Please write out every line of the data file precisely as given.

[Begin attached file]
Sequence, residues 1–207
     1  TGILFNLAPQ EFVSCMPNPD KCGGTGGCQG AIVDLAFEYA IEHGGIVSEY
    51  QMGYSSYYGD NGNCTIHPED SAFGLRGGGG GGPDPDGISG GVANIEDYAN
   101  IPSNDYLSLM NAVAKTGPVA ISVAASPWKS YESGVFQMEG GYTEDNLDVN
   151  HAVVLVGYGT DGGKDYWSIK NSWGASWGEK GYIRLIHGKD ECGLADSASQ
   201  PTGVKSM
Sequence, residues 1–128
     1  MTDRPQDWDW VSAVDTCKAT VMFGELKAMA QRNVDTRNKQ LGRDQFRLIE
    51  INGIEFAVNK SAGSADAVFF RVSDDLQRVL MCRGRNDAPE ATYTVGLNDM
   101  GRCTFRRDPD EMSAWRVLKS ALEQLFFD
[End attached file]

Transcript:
Sequence, residues 1–207
     1  TGILFNLAPQ EFVSCMPNPD KCGGTGGCQG AIVDLAFEYA IEHGGIVSEY
    51  QMGYSSYYGD NGNCTIHPED SAFGLRGGGG GGPDPDGISG GVANIEDYAN
   101  IPSNDYLSLM NAVAKTGPVA ISVAASPWKS YESGVFQMEG GYTEDNLDVN
   151  HAVVLVGYGT DGGKDYWSIK NSWGASWGEK GYIRLIHGKD ECGLADSASQ
   201  PTGVKSM
Sequence, residues 1–128
     1  MTDRPQDWDW VSAVDTCKAT VMFGELKAMA QRNVDTRNKQ LGRDQFRLIE
    51  INGIEFAVNK SAGSADAVFF RVSDDLQRVL MCRGRNDAPE ATYTVGLNDM
   101  GRCTFRRDPD EMSAWRVLKS ALEQLFFD